The other advantage is that PostScript is garbage-collected; you never have to worry about retain counts. Of course, you’ll get this in Cocoa in Leopard, but you can have it in PostScript now (and even in Leopard, if your existing code is in pure Quartz rather than Cocoa).

  4. Vector art is the way of the future.

    When resolution-independent UI comes, your raster art will look like crap. Maybe not right away, but as screen resolutions go up, your raster art will come to look blocky and ugly. (Daniel Jalkut provides an excellent example.)

    Vector art scales up cleanly to any resolution; raster art doesn’t. Plan for the future: Use vector art.

  5. EPS/PDF output from graphics apps sucks.

    In my experience, hand-written EPS files can be 1100 the size of an equivalent machine-generated EPS. And that size suck implies efficiency suck—that is, machine-generated vector art will not render as quickly as vector art that is hand-written.

    (In fairness, Inkscape’s EPS output is actually quite good. But it’s still not as good as hand-written, and Inkscape on OS X is slow and ugly.)

  6. For a Mac programmer, EPS is better than SVG.

    You probably started thinking several paragraphs ago: “OK, so I should be using vector art—but why not use SVG? Why should I use PostScript instead?”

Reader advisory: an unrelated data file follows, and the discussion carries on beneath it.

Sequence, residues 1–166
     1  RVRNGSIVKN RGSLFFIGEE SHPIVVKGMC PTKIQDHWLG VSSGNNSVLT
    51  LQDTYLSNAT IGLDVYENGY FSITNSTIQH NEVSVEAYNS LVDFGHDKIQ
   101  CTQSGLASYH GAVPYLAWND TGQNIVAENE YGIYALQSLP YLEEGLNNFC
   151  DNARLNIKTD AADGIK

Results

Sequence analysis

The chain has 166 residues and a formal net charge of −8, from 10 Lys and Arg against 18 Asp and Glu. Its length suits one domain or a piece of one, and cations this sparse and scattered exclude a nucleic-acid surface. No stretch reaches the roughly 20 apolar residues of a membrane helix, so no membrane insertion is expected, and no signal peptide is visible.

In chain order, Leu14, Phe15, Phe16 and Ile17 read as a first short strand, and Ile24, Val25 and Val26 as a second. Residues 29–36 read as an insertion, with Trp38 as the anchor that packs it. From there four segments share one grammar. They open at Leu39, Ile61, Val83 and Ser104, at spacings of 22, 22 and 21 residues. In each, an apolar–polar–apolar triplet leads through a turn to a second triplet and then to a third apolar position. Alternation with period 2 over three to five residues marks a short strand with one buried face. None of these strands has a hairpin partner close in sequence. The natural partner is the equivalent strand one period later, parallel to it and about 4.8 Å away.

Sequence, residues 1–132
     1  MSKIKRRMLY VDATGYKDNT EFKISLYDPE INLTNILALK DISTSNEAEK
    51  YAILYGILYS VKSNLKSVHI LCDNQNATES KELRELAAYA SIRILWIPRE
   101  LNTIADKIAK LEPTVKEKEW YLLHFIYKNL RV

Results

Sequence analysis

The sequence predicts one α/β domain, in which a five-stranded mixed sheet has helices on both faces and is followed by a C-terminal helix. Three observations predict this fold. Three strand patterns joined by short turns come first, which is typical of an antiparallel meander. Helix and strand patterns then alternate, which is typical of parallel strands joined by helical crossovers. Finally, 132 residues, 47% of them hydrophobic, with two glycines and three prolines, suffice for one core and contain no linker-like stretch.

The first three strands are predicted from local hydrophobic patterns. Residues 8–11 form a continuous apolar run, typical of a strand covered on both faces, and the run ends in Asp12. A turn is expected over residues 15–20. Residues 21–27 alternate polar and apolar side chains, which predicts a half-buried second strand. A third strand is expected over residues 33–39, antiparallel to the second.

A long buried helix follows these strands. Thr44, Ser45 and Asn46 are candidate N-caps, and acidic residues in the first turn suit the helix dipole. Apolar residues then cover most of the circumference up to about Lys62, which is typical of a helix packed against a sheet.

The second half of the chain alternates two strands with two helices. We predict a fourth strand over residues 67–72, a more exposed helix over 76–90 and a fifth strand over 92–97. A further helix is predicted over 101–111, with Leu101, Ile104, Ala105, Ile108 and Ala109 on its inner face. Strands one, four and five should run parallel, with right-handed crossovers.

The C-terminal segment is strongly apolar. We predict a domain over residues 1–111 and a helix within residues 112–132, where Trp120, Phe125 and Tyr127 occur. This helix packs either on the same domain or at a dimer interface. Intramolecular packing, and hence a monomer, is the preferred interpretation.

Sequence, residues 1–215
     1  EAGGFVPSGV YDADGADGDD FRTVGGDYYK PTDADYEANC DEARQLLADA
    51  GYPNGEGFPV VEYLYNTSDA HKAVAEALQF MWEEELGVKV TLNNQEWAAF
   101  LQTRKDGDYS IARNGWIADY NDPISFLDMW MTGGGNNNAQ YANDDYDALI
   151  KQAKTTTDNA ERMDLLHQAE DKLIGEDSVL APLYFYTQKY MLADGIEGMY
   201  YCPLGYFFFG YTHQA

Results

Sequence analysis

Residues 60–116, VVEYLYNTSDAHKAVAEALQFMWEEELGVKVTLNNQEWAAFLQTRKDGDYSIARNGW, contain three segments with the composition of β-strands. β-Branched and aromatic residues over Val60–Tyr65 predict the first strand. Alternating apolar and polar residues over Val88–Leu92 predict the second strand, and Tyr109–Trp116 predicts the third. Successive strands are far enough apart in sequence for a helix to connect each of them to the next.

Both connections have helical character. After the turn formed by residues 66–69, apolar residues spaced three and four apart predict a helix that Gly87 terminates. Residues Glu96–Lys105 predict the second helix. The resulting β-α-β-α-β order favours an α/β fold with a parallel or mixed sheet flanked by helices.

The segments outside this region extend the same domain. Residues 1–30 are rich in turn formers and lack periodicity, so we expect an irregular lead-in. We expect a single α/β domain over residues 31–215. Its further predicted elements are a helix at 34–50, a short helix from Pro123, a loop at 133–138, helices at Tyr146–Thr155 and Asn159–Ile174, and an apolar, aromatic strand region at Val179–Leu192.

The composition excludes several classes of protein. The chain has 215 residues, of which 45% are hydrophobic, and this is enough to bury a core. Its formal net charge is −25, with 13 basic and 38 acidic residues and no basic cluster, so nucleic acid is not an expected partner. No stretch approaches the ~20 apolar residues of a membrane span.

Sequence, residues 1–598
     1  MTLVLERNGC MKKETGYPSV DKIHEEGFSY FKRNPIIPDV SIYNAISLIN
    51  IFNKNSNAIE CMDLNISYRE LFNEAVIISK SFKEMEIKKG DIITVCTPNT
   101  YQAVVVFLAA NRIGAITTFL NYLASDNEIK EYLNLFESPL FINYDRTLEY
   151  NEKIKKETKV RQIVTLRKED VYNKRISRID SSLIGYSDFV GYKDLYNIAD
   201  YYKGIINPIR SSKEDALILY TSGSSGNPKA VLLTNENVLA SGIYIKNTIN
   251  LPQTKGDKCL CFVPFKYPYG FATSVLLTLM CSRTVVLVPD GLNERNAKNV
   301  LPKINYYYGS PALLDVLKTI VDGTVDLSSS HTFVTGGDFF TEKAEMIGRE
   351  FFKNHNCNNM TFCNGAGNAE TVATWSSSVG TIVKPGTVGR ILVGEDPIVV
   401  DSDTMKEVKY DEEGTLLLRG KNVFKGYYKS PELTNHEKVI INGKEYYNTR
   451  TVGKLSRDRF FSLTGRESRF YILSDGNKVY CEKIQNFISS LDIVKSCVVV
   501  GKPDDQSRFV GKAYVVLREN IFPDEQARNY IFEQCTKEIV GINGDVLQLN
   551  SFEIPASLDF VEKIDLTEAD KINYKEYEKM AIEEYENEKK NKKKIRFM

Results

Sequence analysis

The reason is simply that SVG isn’t supported natively by Mac OS X.

    Sure, you could use Jonathan Wight‘s PettySVG library, but the SVG dialect that it supports is “an absolutely microscopic subset”, so there’s no guarantee that you’ll be able to make your drawing app of choice work with it. WebKit will support SVG, but that’s not here yet. Either solution requires an external dependency, unless you’re patient enough to wait for SVG-in-WebKit to arrive in some future version of Mac OS X.

    You could convert the SVG to an EPS or PDF, but the output would suck (see #5 above). Also, tools to do that don’t come with OS X. This is bad for open-source programs because only those with the converter tool can work on your graphics, and bad for every such contributor because they’d have to reinstall such tools when moving to a new Mac or reinstalling.

  7. Though PostScript is a programming language, you’ll rarely ever need to worry about programming in it.

    This is more like a counterpoint to a reason not to use PostScript.